For larger pests such as deer, squirrels, moles and birds, we offer various pest fencing systems designed to keep out these critters, while allowing you and your family easy access for routine gardening activities. Our Personal Garden Specialists are expert in dealing with insect pests and disease.
  • Do I have to weed and water the garden?
    The short answer is, it's up to you. Many of our vegetable garden installation clients still like getting there hands a little dirty but quickly find that by mid-summer they are looking for assistance keeping up with the garden weed and water schedule. At Ornamentals we are happy to assist with your gardening needs on a regular schedule, periodically or those times you are out of town on vacation. When your garden expert comes over to provide a consultation they will discuss what works best for you and your family.
  • Do you do corporate, school or restaurant gardens?"
    Yes, if you’re interested in an assessment for your business, school, or restaurant please contact us at
  • What if I can't eat everything that grows?
    Sharing is caring, and your friends, family and neighbors will love you! While in the garden planning process we take into account the number of people who will be eating from the garden, occasionally we get more yield then any one family can eat, if you do not have anyone to share your bounty with, we are happy to provide the excess food to local families in need.
  • What do I do at the end of the growing season?
    At the end of the growing season we offer a garden turn-down service. In our garden turn-down service we remove old dead plants, check the soil, fertilize and can plant cover crops to ensure your soil is ready for the spring. Your garden planner will provide details and options for garden turn-down.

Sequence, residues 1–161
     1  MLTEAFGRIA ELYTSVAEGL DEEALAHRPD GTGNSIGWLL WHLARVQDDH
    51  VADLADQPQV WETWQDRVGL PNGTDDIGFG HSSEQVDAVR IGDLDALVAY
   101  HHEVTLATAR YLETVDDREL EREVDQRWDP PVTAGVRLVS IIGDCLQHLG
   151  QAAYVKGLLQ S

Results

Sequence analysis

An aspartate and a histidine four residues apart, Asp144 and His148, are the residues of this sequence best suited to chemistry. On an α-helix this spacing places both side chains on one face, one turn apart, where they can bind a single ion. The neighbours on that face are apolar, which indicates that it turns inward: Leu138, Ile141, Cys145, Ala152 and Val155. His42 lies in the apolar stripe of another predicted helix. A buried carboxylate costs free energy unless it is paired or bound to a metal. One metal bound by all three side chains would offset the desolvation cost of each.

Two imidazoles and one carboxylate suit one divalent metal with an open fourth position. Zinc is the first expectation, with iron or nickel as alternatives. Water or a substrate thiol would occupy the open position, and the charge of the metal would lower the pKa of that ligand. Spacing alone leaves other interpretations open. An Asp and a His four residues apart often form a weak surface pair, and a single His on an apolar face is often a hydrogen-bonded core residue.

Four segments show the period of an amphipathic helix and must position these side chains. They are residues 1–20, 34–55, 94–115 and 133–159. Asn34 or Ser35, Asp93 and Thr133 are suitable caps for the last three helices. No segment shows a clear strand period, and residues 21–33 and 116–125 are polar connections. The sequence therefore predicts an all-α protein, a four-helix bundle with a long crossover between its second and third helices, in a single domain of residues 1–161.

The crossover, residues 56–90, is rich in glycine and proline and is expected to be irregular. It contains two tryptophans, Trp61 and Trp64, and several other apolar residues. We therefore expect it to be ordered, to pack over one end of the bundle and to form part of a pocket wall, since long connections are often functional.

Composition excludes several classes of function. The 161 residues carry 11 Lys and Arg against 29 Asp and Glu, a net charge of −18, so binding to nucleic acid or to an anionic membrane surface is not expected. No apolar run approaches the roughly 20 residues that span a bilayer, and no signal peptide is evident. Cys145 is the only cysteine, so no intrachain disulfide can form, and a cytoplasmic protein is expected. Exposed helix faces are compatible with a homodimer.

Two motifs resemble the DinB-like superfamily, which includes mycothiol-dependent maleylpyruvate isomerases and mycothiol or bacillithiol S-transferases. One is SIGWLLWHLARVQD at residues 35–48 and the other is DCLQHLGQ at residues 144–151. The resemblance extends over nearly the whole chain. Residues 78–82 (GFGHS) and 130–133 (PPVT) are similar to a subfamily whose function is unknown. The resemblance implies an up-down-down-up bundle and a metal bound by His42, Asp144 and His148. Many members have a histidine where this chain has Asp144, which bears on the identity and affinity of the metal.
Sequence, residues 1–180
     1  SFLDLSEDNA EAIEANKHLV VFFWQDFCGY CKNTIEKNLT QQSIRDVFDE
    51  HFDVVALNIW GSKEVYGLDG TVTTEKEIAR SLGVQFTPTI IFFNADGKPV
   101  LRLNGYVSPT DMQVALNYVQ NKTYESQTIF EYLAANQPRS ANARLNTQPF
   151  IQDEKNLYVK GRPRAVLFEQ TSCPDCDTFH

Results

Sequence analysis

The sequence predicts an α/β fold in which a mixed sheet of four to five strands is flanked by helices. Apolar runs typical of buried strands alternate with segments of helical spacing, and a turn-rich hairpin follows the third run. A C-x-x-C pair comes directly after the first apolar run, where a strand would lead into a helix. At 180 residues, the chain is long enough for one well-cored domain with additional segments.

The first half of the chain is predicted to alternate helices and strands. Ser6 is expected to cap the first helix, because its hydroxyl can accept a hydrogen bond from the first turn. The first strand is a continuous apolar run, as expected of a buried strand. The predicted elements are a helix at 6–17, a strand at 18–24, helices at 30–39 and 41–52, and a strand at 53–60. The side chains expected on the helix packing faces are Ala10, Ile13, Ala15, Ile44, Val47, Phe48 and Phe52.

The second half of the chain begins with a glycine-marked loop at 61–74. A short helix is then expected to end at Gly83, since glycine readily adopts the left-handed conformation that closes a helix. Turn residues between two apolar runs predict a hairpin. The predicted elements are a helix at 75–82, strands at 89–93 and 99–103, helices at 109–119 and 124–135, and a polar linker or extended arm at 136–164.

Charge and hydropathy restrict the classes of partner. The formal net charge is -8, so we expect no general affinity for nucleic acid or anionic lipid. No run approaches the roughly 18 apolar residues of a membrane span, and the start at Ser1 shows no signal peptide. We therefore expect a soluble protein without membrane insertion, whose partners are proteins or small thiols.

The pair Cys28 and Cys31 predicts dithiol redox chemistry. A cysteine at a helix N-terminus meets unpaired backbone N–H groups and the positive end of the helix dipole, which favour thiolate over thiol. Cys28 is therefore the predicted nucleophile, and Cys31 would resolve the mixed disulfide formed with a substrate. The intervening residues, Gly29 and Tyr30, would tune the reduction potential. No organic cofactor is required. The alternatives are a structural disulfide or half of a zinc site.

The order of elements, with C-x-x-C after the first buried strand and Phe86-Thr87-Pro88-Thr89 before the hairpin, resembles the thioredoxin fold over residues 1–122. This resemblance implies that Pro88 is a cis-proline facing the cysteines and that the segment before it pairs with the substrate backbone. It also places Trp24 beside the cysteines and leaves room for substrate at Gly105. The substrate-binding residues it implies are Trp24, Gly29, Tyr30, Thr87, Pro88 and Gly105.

• What is deadheading? Do you provide this service?
    When flowers have gone past and plants begin to form seeds, in some cases, deadheading--cutting off the spent flowers--can encourage more blooms. If you allow plants to form seeds, their energies will focus on that process. Cut back flowers that have faded and you can get more flowers or more robust plants. Most annuals will produce more blooms if you regularly deadhead them. Cut the flowering stem back to a healthy leaf. Some perennials also will repeat bloom or continue blooming if you deadhead them, particularly those that bloom on stems that also bear leaves. In the case of perennials, deadheading often will cause plants to become bushier and more compact. This category includes pink evening primrose, gaillardias, salvias, scabiosa, coneflowers, tall phlox, asters, veronicas and coreopsis. In some cases, including coreopsis 'Moonbeam' and pink evening primrose, shearing back the entire plant by one-third to one-half will encourage both rebloom and compact growth. Although most plants with leafless flower stalks that rise above crowns of basal leaves will not rebloom, you still should deadhead. In these cases, deadheading will direct their energy toward forming healthy root systems, healthy foliage and a tidier appearance. Cut each flower stalk off at its base. The daylily 'Stella d'Oro' is an exception in that it often will send up repeat blooms if regularly deadheaded. Although deadheading is not necessary for plant health, some flowering shrubs also benefit from deadheading. Lilac, azalea, rhododendron, magnolia, buddleia and mountain laurel are among the shrubs that will gain by this practice. There always are exceptions: Don't deadhead faded flowers of baptisia, lunaria, blackberry lily or any other plant that bears decorative berries, seedheads or pods later in the season. As part of a lawn and garden maintenance program Ornamentals will ensure your flowers are deadheaded so that they look there best throughout the season.